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Blood, saliva test for most oral cancers

Blood, saliva test for most oral cancers
Photo: Blood, saliva test for most oral cancers
A cheap screening test that allows doctors and dentists to use blood and saliva to detect most oral cancers is in the pipeline, researchers say.

A new test that uses blood and saliva to detect head and neck cancers has shown promise in a small number of patients, researchers say.

While it will likely be years before the test is available to the public, the findings by researchers at Johns Hopkins University have raised hopes for a cheap screening test that dentists or doctors could one day deliver during regular office visits.

Head and neck cancers affect about 50,000 people in the US each year and are on the rise among men.

The main risk factors are alcohol, smoking and human papillomavirus (HPV), a common sexually transmitted infection that often goes undetected.
"We have shown that tumour DNA in the blood or saliva can successfully be measured for these cancers," said lead author Nishant Agrawal, associate professor of otolaryngology and oncology at the Johns Hopkins University School of Medicine.

The study involved 93 patients with cancer that had previously been diagnosed.

In patients known to have HPV-driven cancers, scientists searched patients' blood and saliva samples for certain tumour-promoting, HPV-related DNA.

In those with cancer not linked to HPV, they looked for mutations in a handful of cancer-related genes.

The researchers found tumour DNA in the saliva of 71 of the 93 patients (76 per cent) and in the blood of 41 of the 47 (87 per cent).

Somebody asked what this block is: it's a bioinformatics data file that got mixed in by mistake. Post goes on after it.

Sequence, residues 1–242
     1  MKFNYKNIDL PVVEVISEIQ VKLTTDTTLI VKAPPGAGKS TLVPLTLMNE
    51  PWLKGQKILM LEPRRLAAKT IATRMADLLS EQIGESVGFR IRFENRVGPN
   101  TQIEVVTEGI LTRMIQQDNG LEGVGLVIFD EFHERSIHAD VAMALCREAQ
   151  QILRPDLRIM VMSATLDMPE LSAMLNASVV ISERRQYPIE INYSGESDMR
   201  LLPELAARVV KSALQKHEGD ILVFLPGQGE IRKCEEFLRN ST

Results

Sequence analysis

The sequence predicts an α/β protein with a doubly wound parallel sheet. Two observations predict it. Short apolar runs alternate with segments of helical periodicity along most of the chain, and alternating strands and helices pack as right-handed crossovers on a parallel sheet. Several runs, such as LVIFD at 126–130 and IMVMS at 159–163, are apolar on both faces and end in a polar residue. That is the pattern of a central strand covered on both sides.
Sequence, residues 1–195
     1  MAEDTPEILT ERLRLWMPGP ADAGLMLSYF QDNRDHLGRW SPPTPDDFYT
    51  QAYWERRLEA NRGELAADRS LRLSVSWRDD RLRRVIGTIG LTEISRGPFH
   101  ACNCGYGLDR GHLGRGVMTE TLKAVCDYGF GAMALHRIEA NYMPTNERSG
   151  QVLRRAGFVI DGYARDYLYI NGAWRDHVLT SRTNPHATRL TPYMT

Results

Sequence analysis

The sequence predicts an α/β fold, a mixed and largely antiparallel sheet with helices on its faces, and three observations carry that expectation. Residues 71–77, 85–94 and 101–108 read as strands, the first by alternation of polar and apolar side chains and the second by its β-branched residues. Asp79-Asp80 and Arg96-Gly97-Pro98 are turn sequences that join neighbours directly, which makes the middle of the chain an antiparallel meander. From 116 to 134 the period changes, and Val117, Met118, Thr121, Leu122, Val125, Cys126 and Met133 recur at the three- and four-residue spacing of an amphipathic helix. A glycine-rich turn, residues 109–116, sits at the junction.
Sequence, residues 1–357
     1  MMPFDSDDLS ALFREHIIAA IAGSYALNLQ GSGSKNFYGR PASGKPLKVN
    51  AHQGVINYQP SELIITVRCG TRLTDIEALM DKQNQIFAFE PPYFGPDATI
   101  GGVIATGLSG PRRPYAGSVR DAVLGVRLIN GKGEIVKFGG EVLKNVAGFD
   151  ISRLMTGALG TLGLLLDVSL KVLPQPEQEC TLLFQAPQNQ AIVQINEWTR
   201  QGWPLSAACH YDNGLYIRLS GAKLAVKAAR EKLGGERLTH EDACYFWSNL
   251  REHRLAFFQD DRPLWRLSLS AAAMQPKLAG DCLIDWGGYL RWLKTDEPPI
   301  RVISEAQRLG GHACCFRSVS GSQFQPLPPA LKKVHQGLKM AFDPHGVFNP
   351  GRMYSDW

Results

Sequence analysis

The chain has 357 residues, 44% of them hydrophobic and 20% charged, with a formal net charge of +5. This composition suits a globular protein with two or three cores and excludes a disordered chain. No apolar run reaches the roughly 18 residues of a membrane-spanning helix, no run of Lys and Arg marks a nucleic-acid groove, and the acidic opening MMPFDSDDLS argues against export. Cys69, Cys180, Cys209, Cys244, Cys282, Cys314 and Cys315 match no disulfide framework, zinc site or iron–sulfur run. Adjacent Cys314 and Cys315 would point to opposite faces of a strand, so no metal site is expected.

About half of the patients provided both saliva and blood samples to the scientists, and the combined tests found tumour DNA in 45 of those 47 people (96 per cent).

"Combining blood and saliva tests may offer the best chance of finding cancer," said Agrawal on Wednesday.

More trials on a larger number of patients are needed before the test can seek market approval.

An early form of the test may cost thousands of dollars, but down the road it could be offered for $50 in a dentist's office or primary care setting, the researchers said.

"Our ultimate goal is to develop better screening tests to find head and neck cancers among the general population, and improve how we monitor patients with cancer for recurrence of their disease," said co-author Bert Vogelstein, professor of oncology at the Johns Hopkins Kimmel Cancer Center.

The research is published in the June 24 issue of Science Translational Medicine.

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